Chess Table by George Bullock, circa 1817

 
     
     
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A REGENCY BRASS-MOUNTED, EBONISED AND EBONY-INLAID OAK AND BROWN OAK GAMES-TABLE
BY GEORGE BULLOCK, EARLY 19TH CENTURY

The rectangular top centred by a reversible panel with a chess board on one side, enclosing a removable leather-lined backgammon board with a shallow well below, each end with a pierced palmette three-quarter gallery above a leather-lined hinged drawer, on tapering facetted legs joined by stretchers and with brass caps and castors 29¾ in. (76 cm.) high; 26 in. (66 cm.) wide; 16¾ in. (43 cm.) deep.

This table relates to a group of furniture made in oak and holly by George Bullock (1777/8-1818) for Matthew Robinson Boulton of Great Tew Park, Oxfordshire, between 1816 and 1817 (sold by his descendent, the late Major Eustace Robb, Great Tew Park, Christie's house sale, Oxfordshire, 27-29 May 1987, lot 14 [in particular]).

Listed in the invoices for the furniture at Tew is 'An Oak Chess & Back-gammon table inlaid with Holly and white mouldings. Brass rail round the edge 22.' The scrolling foliate design preserved in the Wilkinson Tracings (unbound number 219) borders the pull-out slide on both the Tew Park table and this lot. In addition, some further examples of this form, of which five are known, have an H-form turned stretcher and appear to vary in size. A related table without a stretcher was sold anonymously, Christie's, New York, 19 October 2000, lot 85, while another, with stretcher, was sold anonymously, Christie's, London, 23 April 2009.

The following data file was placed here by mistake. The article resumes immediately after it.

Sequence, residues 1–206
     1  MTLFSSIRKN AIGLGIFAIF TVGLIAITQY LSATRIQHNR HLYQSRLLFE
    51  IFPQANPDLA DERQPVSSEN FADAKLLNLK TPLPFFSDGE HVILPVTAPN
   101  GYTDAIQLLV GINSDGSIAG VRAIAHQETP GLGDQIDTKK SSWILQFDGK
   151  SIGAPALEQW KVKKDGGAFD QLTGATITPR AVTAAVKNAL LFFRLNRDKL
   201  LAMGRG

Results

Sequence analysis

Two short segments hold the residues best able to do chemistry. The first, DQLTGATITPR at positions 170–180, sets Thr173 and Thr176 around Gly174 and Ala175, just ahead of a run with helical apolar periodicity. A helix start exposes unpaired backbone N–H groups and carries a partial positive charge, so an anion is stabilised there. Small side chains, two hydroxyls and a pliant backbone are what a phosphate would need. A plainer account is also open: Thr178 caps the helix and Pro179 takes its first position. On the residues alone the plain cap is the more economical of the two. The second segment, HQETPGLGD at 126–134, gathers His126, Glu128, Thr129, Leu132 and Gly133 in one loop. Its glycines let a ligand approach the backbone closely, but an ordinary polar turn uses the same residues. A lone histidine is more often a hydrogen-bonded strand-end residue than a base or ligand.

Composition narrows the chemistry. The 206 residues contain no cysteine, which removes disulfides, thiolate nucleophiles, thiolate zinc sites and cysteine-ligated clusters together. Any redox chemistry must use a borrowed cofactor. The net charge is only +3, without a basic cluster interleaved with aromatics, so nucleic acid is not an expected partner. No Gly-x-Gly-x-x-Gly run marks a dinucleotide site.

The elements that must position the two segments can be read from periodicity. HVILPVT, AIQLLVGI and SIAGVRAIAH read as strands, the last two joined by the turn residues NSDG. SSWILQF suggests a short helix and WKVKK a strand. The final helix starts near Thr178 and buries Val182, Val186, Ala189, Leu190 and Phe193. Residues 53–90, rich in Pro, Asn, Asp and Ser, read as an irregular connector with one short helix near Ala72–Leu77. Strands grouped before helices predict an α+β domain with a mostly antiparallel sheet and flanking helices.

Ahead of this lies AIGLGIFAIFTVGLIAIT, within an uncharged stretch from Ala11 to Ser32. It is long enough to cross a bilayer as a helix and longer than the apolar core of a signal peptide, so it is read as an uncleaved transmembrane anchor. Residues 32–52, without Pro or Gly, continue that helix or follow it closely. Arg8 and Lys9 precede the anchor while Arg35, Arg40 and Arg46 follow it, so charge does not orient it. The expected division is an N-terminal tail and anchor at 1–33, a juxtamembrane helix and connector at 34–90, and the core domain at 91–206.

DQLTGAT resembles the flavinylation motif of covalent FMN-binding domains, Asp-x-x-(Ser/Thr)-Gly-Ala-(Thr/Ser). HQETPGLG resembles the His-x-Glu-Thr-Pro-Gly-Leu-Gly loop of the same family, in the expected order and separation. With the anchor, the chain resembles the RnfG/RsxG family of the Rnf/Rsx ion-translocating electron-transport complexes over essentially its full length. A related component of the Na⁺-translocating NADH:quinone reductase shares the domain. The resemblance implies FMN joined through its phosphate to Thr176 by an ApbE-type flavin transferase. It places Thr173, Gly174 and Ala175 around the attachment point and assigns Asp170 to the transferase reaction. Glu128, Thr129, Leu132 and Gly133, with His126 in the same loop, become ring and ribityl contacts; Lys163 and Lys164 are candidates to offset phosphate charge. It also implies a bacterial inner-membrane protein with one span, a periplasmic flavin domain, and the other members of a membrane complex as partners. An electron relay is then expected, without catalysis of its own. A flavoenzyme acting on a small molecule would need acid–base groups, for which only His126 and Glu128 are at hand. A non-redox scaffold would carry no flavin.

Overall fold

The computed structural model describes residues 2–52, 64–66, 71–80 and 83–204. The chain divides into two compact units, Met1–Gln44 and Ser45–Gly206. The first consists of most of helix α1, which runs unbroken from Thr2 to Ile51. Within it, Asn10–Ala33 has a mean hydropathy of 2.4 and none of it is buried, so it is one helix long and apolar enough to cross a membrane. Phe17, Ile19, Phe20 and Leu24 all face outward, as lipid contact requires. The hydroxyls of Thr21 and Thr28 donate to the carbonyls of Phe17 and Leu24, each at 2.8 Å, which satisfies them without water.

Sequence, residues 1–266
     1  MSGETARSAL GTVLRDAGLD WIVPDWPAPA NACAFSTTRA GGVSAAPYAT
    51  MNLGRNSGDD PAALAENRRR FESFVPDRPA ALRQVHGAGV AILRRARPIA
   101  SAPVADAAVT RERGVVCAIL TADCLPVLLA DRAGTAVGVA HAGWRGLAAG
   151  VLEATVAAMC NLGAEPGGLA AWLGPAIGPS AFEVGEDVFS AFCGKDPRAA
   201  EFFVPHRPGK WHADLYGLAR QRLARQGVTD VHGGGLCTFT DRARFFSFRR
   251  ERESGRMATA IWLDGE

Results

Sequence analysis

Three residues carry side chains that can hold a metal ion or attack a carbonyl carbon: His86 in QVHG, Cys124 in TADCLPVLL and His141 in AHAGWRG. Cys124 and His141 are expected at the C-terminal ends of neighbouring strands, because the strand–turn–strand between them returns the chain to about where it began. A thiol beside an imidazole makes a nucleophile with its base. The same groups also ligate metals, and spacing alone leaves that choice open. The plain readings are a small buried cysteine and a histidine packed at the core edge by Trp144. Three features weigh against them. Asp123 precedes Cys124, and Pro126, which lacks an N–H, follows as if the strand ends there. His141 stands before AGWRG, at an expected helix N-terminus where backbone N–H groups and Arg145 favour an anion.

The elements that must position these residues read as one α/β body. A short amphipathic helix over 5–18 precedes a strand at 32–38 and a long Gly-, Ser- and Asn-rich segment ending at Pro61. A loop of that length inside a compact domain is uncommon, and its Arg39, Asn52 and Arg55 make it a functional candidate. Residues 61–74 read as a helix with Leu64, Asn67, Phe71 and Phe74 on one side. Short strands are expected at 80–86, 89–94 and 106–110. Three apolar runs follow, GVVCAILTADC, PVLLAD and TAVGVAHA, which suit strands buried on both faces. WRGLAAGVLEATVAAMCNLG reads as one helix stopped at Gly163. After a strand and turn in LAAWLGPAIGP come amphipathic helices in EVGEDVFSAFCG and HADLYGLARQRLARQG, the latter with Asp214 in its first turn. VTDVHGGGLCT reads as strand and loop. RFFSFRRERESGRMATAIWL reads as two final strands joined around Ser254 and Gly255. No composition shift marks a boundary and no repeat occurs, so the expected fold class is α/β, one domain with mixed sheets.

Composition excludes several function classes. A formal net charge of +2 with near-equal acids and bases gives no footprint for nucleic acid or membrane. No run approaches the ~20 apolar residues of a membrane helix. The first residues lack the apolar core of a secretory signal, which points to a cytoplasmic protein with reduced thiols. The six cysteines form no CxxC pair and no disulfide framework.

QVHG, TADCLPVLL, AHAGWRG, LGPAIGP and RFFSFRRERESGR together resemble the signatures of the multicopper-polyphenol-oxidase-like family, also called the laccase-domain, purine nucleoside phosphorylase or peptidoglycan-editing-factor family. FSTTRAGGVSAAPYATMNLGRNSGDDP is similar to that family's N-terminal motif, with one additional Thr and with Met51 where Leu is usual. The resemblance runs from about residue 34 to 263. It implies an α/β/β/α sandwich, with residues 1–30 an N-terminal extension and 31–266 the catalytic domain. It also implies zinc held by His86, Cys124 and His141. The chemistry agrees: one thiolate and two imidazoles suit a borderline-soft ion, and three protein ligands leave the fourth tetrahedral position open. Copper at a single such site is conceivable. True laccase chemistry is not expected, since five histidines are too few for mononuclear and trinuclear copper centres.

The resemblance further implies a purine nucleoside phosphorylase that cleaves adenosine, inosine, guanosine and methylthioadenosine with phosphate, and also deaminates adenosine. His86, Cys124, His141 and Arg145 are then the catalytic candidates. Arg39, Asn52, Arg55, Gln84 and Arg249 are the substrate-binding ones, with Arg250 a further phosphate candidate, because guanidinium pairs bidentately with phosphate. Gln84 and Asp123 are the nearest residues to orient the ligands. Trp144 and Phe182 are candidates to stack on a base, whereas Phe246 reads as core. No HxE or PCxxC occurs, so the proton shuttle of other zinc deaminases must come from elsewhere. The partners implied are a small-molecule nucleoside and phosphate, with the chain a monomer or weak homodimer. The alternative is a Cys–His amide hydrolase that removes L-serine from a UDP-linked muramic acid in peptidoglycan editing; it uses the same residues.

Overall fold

Correspondence began between the two men in December 1815 when Bullock was invited to visit Tew 'with a view to the preparation of the furniture' although it is evident that the two men had had contact with one another prior to this occasion. This letter is just the first recorded in a sequence of thirty-four letters between the cabinetmaker and client and which accompany a forty-two page bill for furnishing the three principal rooms. Much of the furniture Bullock supplied to Tew Park is rendered distinctive by its considered simplicity, particularly when we compare this group with Bullock's commissions for the Duke of Atholl and the Duke of Palmella.

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